6703 Lowell Ave., McLean 893-6077 Hours: 11 a.m. to 10 p.m. Monday through Saturday; 10 a.m. to 10 p.m. Sunday. Prices: $3.95 to $8.50. Cards: None accepted. No nonsmoking section.
The small storefront just off Old Dominion Drive used to be an ice cream parlor and sandwich shop. Because the new Cambodian owners have continued to make ice cream, former customers still drop in for a double dip.
But if that's all they're eating, they're missing the real treat -- the wonderful Thai and Cambodian specialties.
The decor reflects the unlikely hybrid of an ice cream parlor and a Southeast Asian restaurant. Bright red and white checked tablecloths and Tiffany-style lampshades mingle with thatched roofs, bamboo fans and watercolors of the Cambodian coast and countryside painted by the owners' brother-in-law.
While Thai food has become fairly common in the Washington area, Cambodian restaurants are few and far between.
The Thai-Cambodian combination, however, is a logical one because the cuisines of these neighboring countries share many of the same herbs and seasonings -- lemon grass, tamarind, fresh coriander, fish sauce and hot peppers.
A difference worth noting is that "hot" Thai food can be scorching, while Cambodian "hot" only warms a bit.
The compact menu appears short, yet when you total up the chicken, beef, pork and seafood variations, there are more than 50 dishes. With a few exceptions, most are delightful.
They are also delightfully affordable, with most entrees priced from $6 to $8. Fewer than half of the dishes are listed as spicy, although adjustments either way can be made on most selections.
Most of the appetizers come in small and large portions. Even the small portions -- for example, the six spring rolls for $3.95 -- are enough for two or three people.
For a group of three to five, the owner-manager will put together a bargain-priced combination plate of appetizers, such as the crispy spring rolls stuffed with a tasty mixture of shrimp, pork and vegetables, a savory boned chicken wing stuffed with a similar filling, and delectable fresh fish cakes, thin, dense and freckled with green onion.
The brochettes of pork served over rice noodles were also good. There was a hint of sweetness to the grilled flavor of the meat.
All of the above are served with a delicate fish sauce dip as well as leaf lettuce, cucumber slices, bean sprouts and fresh herbs (usually mint or coriander).
Another appetizer, a refreshing Cambodian meat salad, plear ko, includes thinly sliced beef (cooked to your specifications) tossed with lime juice, crushed peanuts, celery, sweet red peppers, onions, bean sprouts and fresh herbs.
A warning, however, about the strong and unusual taste of an innocent-looking herb with a smooth heart-shaped leaf that, I was told by our waiter, grows near mint but has a very different taste.
The name of the herb apparently doesn't translate easily into English, nor is it widely available in this area, which may explain why it was used sparingly in this salad.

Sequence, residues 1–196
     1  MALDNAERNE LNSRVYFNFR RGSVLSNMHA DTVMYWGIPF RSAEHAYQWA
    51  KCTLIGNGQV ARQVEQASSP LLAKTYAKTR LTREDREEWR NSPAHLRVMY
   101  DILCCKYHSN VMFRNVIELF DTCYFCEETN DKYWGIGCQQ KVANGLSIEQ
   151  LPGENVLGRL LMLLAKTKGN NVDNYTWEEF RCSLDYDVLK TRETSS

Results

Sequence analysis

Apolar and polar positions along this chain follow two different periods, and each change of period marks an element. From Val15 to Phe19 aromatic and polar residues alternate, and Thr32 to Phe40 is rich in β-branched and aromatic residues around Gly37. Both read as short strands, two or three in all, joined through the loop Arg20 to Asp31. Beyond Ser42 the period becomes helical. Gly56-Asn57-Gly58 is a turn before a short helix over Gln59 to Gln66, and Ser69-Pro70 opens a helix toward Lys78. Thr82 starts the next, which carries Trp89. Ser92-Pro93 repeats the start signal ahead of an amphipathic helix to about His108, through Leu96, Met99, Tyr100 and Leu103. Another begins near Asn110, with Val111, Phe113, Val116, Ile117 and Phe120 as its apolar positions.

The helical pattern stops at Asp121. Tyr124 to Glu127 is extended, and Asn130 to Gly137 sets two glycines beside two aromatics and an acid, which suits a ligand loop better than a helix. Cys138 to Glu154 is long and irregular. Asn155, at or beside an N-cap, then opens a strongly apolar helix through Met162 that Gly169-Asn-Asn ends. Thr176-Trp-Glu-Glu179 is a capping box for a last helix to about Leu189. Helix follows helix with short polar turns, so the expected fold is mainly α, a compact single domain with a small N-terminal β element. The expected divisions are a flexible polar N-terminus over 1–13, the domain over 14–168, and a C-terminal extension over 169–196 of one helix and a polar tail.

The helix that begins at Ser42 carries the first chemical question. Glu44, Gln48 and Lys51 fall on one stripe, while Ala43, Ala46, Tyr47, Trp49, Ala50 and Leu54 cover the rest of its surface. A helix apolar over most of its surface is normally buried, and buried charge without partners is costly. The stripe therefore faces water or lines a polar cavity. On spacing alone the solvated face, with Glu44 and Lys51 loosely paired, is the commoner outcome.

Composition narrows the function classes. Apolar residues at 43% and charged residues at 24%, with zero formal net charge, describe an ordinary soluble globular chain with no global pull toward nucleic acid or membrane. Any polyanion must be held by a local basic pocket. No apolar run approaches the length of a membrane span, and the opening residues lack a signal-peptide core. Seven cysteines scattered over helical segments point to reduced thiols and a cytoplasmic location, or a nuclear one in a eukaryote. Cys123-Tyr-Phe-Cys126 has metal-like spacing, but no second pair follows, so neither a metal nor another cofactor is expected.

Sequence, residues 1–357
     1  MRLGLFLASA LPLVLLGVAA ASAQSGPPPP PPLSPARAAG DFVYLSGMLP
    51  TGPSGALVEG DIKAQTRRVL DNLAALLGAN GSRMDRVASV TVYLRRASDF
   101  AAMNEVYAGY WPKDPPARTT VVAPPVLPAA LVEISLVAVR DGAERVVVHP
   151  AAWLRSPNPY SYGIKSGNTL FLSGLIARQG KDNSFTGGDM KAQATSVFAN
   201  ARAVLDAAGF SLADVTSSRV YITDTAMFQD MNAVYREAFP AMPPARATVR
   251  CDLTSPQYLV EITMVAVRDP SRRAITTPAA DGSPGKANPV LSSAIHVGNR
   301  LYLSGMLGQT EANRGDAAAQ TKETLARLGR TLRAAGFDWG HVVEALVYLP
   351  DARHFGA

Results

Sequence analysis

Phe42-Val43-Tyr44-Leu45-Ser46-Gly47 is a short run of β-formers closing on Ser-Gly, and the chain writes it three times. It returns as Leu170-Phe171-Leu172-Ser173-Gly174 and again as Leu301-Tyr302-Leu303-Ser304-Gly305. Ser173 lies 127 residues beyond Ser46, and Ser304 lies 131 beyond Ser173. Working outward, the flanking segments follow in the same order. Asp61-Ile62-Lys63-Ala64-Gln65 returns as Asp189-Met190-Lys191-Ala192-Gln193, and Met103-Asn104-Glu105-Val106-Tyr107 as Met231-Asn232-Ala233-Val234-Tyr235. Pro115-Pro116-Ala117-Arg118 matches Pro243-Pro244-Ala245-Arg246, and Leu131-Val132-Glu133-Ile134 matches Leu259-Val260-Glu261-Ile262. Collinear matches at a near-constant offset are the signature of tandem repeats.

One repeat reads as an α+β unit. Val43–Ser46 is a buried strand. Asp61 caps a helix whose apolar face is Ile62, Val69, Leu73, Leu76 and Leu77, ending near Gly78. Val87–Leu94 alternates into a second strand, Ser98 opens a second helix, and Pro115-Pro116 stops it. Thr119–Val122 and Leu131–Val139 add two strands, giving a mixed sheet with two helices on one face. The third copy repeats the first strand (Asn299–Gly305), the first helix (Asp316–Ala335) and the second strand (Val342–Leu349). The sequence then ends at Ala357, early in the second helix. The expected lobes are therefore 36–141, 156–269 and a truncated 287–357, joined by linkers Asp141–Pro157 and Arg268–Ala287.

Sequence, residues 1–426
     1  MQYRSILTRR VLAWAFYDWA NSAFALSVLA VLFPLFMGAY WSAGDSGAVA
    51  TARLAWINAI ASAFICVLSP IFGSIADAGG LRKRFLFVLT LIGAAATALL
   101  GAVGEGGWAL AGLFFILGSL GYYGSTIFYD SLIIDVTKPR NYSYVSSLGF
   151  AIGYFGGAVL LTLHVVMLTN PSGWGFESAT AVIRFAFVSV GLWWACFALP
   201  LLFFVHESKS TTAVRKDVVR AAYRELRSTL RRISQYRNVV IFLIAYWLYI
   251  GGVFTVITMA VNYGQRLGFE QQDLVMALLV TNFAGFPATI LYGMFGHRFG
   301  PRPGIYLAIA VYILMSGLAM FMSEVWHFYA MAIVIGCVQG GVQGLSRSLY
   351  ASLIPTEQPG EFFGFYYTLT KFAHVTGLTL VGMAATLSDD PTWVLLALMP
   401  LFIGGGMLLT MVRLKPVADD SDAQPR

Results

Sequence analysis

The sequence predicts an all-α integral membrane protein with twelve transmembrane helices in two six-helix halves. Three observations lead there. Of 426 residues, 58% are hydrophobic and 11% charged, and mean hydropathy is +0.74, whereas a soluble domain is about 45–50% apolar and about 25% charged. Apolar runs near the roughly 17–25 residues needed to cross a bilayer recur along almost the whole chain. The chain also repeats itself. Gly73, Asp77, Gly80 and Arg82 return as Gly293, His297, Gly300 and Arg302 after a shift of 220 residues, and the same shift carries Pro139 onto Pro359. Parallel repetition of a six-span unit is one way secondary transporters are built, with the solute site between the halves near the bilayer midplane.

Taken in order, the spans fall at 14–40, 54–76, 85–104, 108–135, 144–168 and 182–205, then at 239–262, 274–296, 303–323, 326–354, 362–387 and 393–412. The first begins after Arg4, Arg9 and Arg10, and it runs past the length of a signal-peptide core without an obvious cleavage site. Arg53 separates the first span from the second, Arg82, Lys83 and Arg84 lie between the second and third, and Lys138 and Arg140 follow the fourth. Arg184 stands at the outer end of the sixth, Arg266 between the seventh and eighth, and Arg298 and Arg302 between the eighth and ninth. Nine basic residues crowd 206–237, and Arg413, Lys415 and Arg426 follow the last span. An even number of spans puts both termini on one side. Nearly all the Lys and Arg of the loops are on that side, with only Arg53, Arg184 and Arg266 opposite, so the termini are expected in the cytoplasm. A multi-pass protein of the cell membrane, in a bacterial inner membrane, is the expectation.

The only other acquired taste that I encountered was the duck soup with preserved lime. Although initially quite pleasing, the salty lime flavor soon became overwhelming and, at least for me, not very agreeable.
The other meal-in-a-bowl soups I tried were delicious -- two flavorful and mildly seasoned noodle soups (usually eaten for breakfast in Cambodia).
One with thin-sliced beef came in a bowl of steaming, coriander-scented broth flecked with toasted garlic. The other, Phnom Penh, had a pork-based broth with slices of tender meat both flat and curled for greater visual interest.
These soups come with fine rice noodles, but thicker noodles are available on request.
Equally appealing are two other Cambodian soups made tangy with a touch of tamarind. I enjoyed the gently pungent som law machu with tender pieces of chicken and the surprisingly likable pairing of fresh tomatoes and chunks of canned pineapple.
The som law machu kroeung with sliced beef, chopped peanuts and celery packed a spicy wallop.
Although the soups were my favorites, there were also satisfying choices among the main courses.
The best was the fried flounder topped with a spicy mixture of diced sweet red and green peppers, onions and fresh coriander leaves.
The stir-fried beef with sweet red and green peppers was pleasing, but less exciting. Ditto for the roasted pork.
The restaurant staff consists of three family members -- Sambo Teng and his sister Phalla, who graciously handle the dining room, and another sister, Kim, who is responsible for the delicious food.
Even though the room is small, their warmth and affability might be tested should all 34 seats fill up at once.
The owners have applied for a liquor license, but in the meantime they are offering a selection of nonalcoholic beers in addition to soft drinks, fruit drinks, tea and iced coffee.
For dessert, of course, there is homemade ice cream in a variety of flavors, but this is not the restaurant's strongest suit.
First-time diners at Angkor Wat face a delicious dilemma -- whether to load up on appetizers in combination with a soup, share a soup with a couple of entrees, or to split portions of all three.
I have no easy solution short of making many return visits.